Walter Bitterlich was married to Ilse. The couple had four children. Gerhard, Helga, Herwig and Sigrid. Bitterlich, who never drank alcohol and never smoked, was very athletic. His enthusiasm for gymnastics brought him under forestry colleagues entitled "forester giant wave" field. In addition, he used his artistic interests and talents and worked philosophically. Its relevant considerations he summarized in a "world morality" together.

After many years of living in Salzburg and Hallein he returned to his hometown of Reutte, and died there in February 2008, ten days before his 100th Birthday.

Career

Bitterlich's diary documented his ideas on ACS as early as 1931.[3]

Bitterlich designed many patents throughout his career, which are used today throughout many forest inventories worldwide. He published articles in various journals and held patents on various inventions, not only in the field of forestry. Forestry studies and inventions included the Anglecount probe, the Bitterlich stick, the Spiegelrelaskop and Telerelaskop. Also were those in the field of surveying the collective measuring angle and an optical Baummesskluppe. In weapons technology and the development of light snow vehicles were some others. Bitterlich remained until well into old age active in inventing active and worked in his workshop on the development and enhancement of tree measuring devices. So he created the so-called circle segment for detecting irregular tree cross sections from 1996 and dealt with the development of its originating from the 1952 sighting angle measurement.

Honours and awards

This article incorporates information from the Deutsch WorldHeritage.

To mark Walter Bitterlich's 90th birthday, his Göttingen colleague, Horst Kramer wrote about him, "there is only a single living forester whose name is known to every other Ranger": Bitterlich.

In Germany, he was honoured by the award of the prize to the appreciation and promotion of excellence in the art Forest Biometrics.

Part of his scientific work and his equipment have been displayed at a permanent exhibition at the Forest Discovery Centre since 2004.

References

  1. ^ Burkhart, H.E., 2008. Remembering Walter Bitterlich Journal of Forestry, Vol. 106, No. 2., p. 61. http://saf.publisher.ingentaconnect.com/content/saf/jof/2008/00000106/00000002/art00001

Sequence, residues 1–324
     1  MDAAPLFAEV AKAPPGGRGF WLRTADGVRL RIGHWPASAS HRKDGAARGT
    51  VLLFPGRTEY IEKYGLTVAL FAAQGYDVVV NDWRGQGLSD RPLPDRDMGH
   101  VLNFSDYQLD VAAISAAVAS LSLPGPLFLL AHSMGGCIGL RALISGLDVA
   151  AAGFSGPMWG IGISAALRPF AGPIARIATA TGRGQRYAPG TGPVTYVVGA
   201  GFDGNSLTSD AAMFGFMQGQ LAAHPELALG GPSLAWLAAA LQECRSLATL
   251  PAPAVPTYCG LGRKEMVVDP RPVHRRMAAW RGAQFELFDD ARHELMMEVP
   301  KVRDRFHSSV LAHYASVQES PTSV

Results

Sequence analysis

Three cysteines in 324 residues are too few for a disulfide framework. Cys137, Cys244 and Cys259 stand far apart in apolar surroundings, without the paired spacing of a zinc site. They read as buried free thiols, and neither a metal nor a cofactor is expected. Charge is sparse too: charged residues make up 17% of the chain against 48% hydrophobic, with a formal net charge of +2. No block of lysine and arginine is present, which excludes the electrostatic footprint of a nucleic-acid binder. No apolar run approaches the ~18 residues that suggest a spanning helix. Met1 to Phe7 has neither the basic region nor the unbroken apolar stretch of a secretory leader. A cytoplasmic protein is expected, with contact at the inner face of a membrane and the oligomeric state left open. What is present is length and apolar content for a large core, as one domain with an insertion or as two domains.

2. ^ http://www.growthmodel.org/wmens/m2009/iles.ppt
  3. ^ http://www.proaxis.com/~johnbell/itp/itpbitterlich_more.htm
  4. ^ "Reply to a parliamentary question" (pdf) (in German). p. 664. Retrieved 22 October 2012. 
This article was sourced from Creative Commons Attribution-ShareAlike License; additional terms may apply. World Heritage Encyclopedia content is assembled from numerous content providers, Open Access Publishing, and in compliance with The Fair Access to Science and Technology Research Act (FASTR), Wikimedia Foundation, Inc., Public Library of Science, The Encyclopedia of Life, Open Book Publishers (OBP), PubMed, U.S. National Library of Medicine, National Center for Biotechnology Information, U.S. National Library of Medicine, National Institutes of Health (NIH), U.S. Department of Health & Human Services, and USA.gov, which sources content from all federal, state, local, tribal, and territorial government publication portals (.gov, .mil, .edu). Funding for USA.gov and content contributors is made possible from the U.S. Congress, E-Government Act of 2002.
 
Crowd sourced content that is contributed to World Heritage Encyclopedia is peer reviewed and edited by our editorial staff to ensure quality scholarly research articles.
 
By using this site, you agree to the Terms of Use and Privacy Policy. World Heritage Encyclopedia™ is a registered trademark of the World Public Library Association, a non-profit organization.
 



Copyright © World Library Foundation. All rights reserved. eBooks from Hawaii eBook Library are sponsored by the World Library Foundation,
a 501c(4) Member's Support Non-Profit Organization, and is NOT affiliated with any governmental agency or department.